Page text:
Select Committee on Health Minutes of Evidence

Annex B

  The Department is "keen" to see NHS spend rise to match the EU average of 8 per cent of GDP. This is the unweighted, arithmetic mean of EU countries' percentage spend. The weighted mean, calculated by the OECD, was 8.7 per cent in 1997. Both of these figures are a moving target—as the UK's expenditure on healthcare increases, so the European average will increase. Will NHS funding continue to rise to follow this moving average? If not, will future NHS funding be based on the average spend of the EU outside the UK (9.1 per cent in 1997)?

  The Government's aim is to move towards the EU unweighted average health care expenditure of 8 per cent, as calculated by the OECD. The resources announced in the latest Spring Review will increase UK average health care expenditure as a percentage of GDP to an estimated 7.6 per cent by the year 2003-04. Decisions on future spending will be taken at the next Spending Review.

    —  The EU average is sensitive to changes in health care expenditure in all EU countries, not just to UK. The EU average can fall as well as increase. The latest data actually suggests it is lower now than it has been since 1991 (see table 1). The Government will make decisions about future health care expenditure at the next Spending Review.

Table 1



EU average health
care expenditure as a
percentage of GDP

8.  Personal Medical Services (PMS) Pilots

  The NHS (Primary Care) Act 1997 allows those who wish to have the flexibility to explore the different models for the provision of "Personal Medical Services" (PMS), to test the practical implications of these models and the benefits they could bring.

  "PMS" was a new term, introduced by the Act, to describe the same types of services that are currently known as "General Medical Services", and provided by general medical practitioners under Part II of the NHS Act 1977. The use of "PMS" is simply to make it clear that the services are to be provided under the Act.

  There are currently 269 PMS pilots in operation.

  More than 70 of the second wave pilots are nurse-focussed, either being managed and developed by nurses, or relying on nurse practitioners to deliver new services to vulnerable populations such as the homeless, asylum seekers and those with substance misuse problems. They include:

    (i)  two nurse-led practices, in Salford and Derbyshire, with nurses as independent contractors, employing salaried GPs and other staff;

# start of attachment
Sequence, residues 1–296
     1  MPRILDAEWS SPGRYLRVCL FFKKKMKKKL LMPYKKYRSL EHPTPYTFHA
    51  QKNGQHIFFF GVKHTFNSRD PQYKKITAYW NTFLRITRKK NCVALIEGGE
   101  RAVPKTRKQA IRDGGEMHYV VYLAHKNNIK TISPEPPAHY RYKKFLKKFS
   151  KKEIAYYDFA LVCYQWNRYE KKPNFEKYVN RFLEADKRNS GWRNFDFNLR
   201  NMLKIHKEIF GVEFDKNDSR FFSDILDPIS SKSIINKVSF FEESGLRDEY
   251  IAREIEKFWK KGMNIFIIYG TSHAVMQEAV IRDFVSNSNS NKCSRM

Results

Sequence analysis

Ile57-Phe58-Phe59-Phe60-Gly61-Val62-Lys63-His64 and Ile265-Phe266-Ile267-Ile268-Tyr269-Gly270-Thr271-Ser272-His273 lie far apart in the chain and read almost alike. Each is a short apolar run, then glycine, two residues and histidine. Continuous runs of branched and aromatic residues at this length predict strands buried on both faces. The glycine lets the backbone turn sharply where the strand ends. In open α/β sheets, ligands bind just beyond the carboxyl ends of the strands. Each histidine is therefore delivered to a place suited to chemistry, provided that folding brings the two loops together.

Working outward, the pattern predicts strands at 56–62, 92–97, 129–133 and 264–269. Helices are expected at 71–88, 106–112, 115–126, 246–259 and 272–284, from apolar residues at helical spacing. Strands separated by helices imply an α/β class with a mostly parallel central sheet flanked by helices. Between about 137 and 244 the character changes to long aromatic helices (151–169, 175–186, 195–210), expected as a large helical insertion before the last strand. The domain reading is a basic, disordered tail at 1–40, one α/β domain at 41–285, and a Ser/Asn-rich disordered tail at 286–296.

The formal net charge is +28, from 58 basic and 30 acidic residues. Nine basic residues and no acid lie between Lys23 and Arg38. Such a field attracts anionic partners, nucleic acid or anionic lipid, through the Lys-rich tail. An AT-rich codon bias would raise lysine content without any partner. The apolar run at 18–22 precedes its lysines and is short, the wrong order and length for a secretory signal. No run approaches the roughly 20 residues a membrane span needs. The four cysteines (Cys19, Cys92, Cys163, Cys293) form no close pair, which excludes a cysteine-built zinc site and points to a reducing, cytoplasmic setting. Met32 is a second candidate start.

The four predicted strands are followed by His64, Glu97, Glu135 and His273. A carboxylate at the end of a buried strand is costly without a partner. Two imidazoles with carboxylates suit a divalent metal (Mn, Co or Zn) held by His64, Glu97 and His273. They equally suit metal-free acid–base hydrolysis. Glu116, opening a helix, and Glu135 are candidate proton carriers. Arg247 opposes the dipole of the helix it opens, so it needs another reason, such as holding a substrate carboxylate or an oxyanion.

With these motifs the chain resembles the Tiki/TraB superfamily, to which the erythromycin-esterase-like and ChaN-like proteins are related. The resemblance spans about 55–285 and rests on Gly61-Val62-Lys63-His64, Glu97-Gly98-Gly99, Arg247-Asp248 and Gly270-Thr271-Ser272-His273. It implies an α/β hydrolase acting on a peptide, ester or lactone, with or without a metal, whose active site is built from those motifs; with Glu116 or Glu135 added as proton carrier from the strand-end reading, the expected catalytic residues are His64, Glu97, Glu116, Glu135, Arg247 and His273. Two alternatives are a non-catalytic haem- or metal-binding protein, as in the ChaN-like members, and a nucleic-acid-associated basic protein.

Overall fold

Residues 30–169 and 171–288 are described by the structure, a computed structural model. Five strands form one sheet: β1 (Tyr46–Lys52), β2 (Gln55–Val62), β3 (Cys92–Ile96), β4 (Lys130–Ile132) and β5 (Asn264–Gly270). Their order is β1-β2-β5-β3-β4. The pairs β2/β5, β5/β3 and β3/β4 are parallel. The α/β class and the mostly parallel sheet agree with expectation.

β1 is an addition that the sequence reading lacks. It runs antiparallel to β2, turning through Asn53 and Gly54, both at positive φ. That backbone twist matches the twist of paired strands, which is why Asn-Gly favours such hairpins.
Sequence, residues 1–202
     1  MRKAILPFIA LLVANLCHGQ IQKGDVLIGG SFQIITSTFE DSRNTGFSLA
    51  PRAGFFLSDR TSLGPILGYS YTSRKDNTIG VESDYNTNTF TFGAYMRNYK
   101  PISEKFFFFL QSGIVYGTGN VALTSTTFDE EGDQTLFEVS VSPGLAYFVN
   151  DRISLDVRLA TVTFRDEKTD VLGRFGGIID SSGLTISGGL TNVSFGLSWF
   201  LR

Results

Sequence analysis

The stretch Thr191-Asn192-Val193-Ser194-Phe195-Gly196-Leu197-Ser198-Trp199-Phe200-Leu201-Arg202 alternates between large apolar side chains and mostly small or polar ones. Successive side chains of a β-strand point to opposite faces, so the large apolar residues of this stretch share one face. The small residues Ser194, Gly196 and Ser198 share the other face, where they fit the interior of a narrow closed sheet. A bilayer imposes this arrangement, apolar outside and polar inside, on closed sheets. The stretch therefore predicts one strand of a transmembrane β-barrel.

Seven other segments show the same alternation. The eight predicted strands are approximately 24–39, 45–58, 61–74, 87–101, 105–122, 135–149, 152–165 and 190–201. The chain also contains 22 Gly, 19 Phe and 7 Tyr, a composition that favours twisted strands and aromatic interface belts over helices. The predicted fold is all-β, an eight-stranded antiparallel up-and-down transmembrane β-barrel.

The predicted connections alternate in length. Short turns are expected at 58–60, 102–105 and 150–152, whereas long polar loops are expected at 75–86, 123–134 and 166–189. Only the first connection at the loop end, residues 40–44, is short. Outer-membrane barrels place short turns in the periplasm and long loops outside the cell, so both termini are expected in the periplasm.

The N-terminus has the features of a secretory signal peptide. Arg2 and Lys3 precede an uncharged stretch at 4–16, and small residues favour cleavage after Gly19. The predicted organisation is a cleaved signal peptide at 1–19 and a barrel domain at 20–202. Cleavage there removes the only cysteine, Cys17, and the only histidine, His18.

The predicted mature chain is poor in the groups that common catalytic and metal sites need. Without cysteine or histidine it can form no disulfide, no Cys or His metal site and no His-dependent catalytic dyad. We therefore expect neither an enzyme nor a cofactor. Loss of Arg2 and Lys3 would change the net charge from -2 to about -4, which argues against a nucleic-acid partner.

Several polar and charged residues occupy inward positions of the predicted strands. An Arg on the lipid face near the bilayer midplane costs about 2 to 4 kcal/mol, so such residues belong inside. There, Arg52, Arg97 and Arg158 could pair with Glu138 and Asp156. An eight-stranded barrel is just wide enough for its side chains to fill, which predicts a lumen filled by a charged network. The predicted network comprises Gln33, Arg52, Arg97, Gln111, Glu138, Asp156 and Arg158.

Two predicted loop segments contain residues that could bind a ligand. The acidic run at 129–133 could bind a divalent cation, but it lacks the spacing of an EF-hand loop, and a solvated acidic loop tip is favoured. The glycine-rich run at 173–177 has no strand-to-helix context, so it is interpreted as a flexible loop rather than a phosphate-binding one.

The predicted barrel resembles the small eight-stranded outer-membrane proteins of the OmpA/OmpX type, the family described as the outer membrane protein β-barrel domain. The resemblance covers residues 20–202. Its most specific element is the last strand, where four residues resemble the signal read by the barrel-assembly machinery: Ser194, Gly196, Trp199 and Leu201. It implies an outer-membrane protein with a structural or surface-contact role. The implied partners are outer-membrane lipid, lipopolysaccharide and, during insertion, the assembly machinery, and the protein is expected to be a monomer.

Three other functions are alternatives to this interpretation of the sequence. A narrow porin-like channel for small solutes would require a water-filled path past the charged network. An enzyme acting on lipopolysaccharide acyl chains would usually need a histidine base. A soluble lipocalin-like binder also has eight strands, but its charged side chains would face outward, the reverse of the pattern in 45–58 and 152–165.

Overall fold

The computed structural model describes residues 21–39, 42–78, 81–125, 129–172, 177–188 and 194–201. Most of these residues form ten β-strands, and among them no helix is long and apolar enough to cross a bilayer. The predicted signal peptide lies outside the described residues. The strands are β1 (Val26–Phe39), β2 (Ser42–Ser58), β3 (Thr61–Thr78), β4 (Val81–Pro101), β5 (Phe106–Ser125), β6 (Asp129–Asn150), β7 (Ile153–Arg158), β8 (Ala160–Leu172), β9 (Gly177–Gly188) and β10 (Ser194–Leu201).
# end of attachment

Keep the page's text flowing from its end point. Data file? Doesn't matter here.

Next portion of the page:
(ii)  two nurse partner models, in Stoke-on-Trent and Ormskirk, Lancashire in which the nurse is an equal partner in the practice with the GP;

    (iii)  nurse practitioners providing care for homeless people, in Stoke-on-Trent, Brighton and Grays, Essex; and

    (iv)  nurse practitioners and nurse clinicians providing services to a wide range of vulnerable populations including the homeless, asylum seekers, older people and people with chronic conditions.

  In December 2000, John Denham announced that a further 1,231 PMS schemes had been approved to start in April 2001.

  All pilot proposals for this wave were required to be explicit about the utilisation of the skills of the primary care team, and proposals were particularly welcome if they were designed to deliver new approaches to nurses' role and skills mix within primary and community care. Eighty nine per cent of the new schemes aim to make better use of nurse practitioners, practice nurses and other staff.

  The NHS Plan promises to "encourage a major expansion of PMS contracts". All the current pilot schemes that are successful will become permanent, and it is expected that, over the next four years, the number of GPs working to PMS contracts will grow steadily.


Tower Hamlets Healthcare NHS Trust

  The majority of patients benefiting from this pilot are local single homeless people who previously had difficulty in registering with a GP. This pilot has established a nurse-led primary care service incorporating a salaried GP to provide personal medical services to a practice population of approximately 1,800 patients.

  The pilot has expanded an existing service provided by the Trusts through the Help Team—a multi-agency, multi-disciplinary team covering mental health, primary health and social care services.

  The service is provided from a dedicated surgery site supported by continued outreach nursing services within local homelessness day centres and hostels. The nurse practitioner service incorporates the development of nurse prescribing as a core component of the service offered. Additional services developed at the site include chiropody, counselling services and the Trust's dental service for homeless people, as well as a wider range of social services.

Great Bridge, Tipton

  This nurse-led pilot will see the two nurses in the practice employing the single-handed GP as a salaried doctor and assuming responsibility of his patients. The aim will be for significant numbers of GP consultations to be more appropriately undertaken by nurses, freeing up the GP to focus on more complex cases, as well as helping to address the problem of GP recruitment and retention.

  Finally, I would like to apologise for the time it has taken for the Department to respond to the points raised by the Committee members.

22 January 2001

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